Ray Cristina, a top editor and writer for Pitt’s News and Publications department (1977-1990) who shepherded half the University’s print materials from idea onward in the days when a central office handled them all, died in late August 2022.
Peter Hart, who handled the other half of the University’s publications for a dozen years alongside Cristina, recalls his friend as a mentor and “among the best editors I’ve worked with in my 32 years at Pitt. He was equally comfortable talking with a chancellor, with a faculty member or a student. He also was a talented writer, an avid reader, a humorist, a great storyteller, a competitive athlete from tennis to roller skating and an animal lover, particularly horses and dogs. … Ray was someone who genuinely loved life and lived it to the fullest.”
Another colleague, designer Vicki Dinsmore, saw Cristina’s deftness as a liaison between University departments and his own, when everything from recruitment brochures, admissions booklets, special event publications and theater programs needed to be designed or edited and printed. Cristina edited their copy “if they allowed him to,” Dinsmore recalled, and then directed it to a designer.
“He was the portal through which all the material came,” she explained. “He was very knowledgeable, very thorough in what he was doing. Every job was held closely by him and monitored and defined by him, according to the client’s wishes.
“He worked in a really wonderful way,” she recalled. “He knew what the client wanted but he knew what the designer wanted to do. He would sell the designer’s work to the client, would talk to them in his manner and get them to come around. He had his way of softly, gently dealing with them, and they loved it. They really responded to him.” If, she added, the University department held firm, he also had no problem helping the designer to adjust her design.
“He was very much a rock of the department,” Dinsmore said. “He was looked at as a person who understood, who had the good of the client at heart, who had the good of the University at heart.
"He just never promoted himself,” she said. “He was very gentle, very modest, but he knew who he was and what he could do.”
That included teaming with English professor Edwin L. Peterson on the research for his famed book “Penn’s Woods West,” exploring the Allegheny River and Allegheny National Forest together, and later in life taking up ceramics, including enamel work, and penning two self-published novels.
Cristina served in the Navy (1946-48) as an electronic technician’s mate, then began his career as a staff correspondent in the Pittsburgh bureau of United Press Association (1951-54), joining Pitt’s English department as an instructor for a decade afterward (1955-64). In the 1950s, he produced a half-hour documentary for KDKA-TV, a play for WIIC (now WPXI) and both kinds of material for WQED. He spent another decade as director of technical communications for the Western Pennsylvania Hospital (1964-75), where he wrote publications and scripted, edited, directed and even narrated instructional and PR films, before returning to Pitt in the News and Publications department.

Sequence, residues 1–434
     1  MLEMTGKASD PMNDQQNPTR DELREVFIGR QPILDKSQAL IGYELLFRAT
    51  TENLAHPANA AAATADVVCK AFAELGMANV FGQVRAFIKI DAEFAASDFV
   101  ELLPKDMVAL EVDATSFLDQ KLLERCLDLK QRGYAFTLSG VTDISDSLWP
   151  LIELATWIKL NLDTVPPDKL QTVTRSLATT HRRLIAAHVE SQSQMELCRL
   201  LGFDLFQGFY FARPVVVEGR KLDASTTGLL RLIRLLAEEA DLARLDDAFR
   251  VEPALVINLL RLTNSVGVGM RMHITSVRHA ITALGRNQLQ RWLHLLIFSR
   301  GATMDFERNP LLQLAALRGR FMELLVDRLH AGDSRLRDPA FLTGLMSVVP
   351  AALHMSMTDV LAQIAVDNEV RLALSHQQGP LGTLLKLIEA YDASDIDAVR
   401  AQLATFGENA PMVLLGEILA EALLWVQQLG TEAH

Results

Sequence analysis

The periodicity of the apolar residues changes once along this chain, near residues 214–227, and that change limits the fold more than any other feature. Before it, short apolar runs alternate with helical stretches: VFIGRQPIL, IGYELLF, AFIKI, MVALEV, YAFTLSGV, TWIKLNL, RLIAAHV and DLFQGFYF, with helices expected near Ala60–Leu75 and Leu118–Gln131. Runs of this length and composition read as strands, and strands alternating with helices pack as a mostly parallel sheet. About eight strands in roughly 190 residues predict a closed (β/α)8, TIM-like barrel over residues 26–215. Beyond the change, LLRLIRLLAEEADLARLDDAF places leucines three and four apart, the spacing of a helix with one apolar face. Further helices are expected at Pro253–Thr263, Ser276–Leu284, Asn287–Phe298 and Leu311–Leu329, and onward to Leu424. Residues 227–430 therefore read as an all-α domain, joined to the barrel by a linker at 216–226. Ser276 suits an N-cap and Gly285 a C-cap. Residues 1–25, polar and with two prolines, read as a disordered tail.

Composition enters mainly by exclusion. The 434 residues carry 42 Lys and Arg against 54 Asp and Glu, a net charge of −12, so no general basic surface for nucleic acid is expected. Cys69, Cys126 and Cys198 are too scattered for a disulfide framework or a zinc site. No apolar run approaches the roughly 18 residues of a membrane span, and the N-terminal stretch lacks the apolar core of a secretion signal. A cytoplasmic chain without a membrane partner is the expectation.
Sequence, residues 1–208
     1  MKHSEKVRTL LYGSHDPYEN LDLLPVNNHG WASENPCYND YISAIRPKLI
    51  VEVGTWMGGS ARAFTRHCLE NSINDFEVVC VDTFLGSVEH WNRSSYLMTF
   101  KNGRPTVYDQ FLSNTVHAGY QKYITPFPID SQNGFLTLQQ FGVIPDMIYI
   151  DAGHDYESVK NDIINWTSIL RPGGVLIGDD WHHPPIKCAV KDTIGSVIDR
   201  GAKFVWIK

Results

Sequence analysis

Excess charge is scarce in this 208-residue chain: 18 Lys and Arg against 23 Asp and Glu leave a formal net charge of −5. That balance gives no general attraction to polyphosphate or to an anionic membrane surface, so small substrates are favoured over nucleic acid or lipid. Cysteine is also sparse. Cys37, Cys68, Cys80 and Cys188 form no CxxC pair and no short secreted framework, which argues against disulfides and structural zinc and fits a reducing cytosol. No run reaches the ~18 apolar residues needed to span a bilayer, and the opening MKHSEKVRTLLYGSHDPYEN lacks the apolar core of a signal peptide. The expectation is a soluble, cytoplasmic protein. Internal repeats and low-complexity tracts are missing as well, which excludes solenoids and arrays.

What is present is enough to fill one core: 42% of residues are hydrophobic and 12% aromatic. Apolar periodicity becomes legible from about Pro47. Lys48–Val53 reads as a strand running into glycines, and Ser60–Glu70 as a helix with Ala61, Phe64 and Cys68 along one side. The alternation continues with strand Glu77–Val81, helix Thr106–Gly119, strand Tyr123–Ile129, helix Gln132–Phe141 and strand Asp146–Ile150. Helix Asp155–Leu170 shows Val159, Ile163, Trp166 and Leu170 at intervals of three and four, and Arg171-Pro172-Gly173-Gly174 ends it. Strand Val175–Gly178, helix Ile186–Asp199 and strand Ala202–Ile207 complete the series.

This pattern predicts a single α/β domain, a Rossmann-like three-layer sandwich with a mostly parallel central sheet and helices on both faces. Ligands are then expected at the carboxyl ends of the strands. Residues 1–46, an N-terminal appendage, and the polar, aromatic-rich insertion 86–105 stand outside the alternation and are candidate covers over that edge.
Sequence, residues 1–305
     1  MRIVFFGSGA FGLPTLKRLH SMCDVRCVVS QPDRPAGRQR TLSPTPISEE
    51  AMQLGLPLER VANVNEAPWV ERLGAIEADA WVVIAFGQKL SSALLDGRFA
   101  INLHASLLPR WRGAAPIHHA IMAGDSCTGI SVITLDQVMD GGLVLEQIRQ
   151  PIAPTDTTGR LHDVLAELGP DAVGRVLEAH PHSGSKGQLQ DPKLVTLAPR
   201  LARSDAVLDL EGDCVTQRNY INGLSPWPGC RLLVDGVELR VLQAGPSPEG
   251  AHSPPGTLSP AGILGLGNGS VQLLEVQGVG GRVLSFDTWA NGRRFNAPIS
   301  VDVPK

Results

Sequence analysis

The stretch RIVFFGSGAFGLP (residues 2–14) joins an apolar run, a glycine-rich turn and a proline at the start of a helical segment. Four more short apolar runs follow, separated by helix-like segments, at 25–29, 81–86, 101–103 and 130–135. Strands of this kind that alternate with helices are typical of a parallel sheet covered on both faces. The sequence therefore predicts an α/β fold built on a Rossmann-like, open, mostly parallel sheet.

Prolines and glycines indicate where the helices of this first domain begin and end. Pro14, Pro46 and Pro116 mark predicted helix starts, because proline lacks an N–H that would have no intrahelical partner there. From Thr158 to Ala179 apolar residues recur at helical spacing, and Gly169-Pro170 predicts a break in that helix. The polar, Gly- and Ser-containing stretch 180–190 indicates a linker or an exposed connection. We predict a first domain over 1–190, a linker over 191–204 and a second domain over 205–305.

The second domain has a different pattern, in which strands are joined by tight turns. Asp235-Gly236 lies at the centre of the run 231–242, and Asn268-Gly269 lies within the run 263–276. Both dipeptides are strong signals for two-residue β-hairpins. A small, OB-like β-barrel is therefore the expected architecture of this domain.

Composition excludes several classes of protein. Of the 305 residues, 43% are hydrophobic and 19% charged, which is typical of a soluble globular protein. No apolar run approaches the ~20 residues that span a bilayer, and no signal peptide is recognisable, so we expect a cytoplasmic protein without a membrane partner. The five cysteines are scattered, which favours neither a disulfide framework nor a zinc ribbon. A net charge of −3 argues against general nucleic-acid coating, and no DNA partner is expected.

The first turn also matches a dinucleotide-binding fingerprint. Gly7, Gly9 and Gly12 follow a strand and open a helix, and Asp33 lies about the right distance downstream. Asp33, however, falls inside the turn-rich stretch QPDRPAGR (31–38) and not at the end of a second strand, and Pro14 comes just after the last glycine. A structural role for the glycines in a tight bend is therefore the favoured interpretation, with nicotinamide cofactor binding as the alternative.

On his retirement on March 1, 1990, then-Pitt President Wesley W. Posvar praised Cristina in a letter as a “talented and dedicated member” of the staff, “especially helpful” in the design and production of several prominent reports, which he handled with “characteristic professionalism.”
The senior officer in charge of Cristman’s department, Mary Ann Aug, recalls him today as “a wonderful guy. We were very lucky to have him for all the years we did. Ray was a canny businessman, excellent editor and creative idea guy, and he was very well liked by all of his clients.”
Another departmental colleague, Patricia White, remembers Cristina as a “wonderful friend” but also a colleague whose desk was so clean and orderly one could only marvel, “Where is his work?”
They kept in touch through Cristina’s retirement in Florida. “I’m going to miss those little emails and talks that we had,” White said. He was still pitching book ideas to her in his later years.
“The man was never idle,” she said.
He is survived by his wife, Deanna R. Kratt; sister Shirley Anne Clarke; nieces and nephew Mary Dufek, John Clarke, Patricia Hurst, Kathleen Zumpone and Cristina Clarke; stepdaughter Jane Heffelfinger; step-granddaughters Raegan Heffelfinger and Peyton Heffelfinger and stepson Richard Kratt.
Memorial gifts are suggested to the National World War II Museum, 945 Magazine Street, New Orleans, LA 70130.
— Marty Levine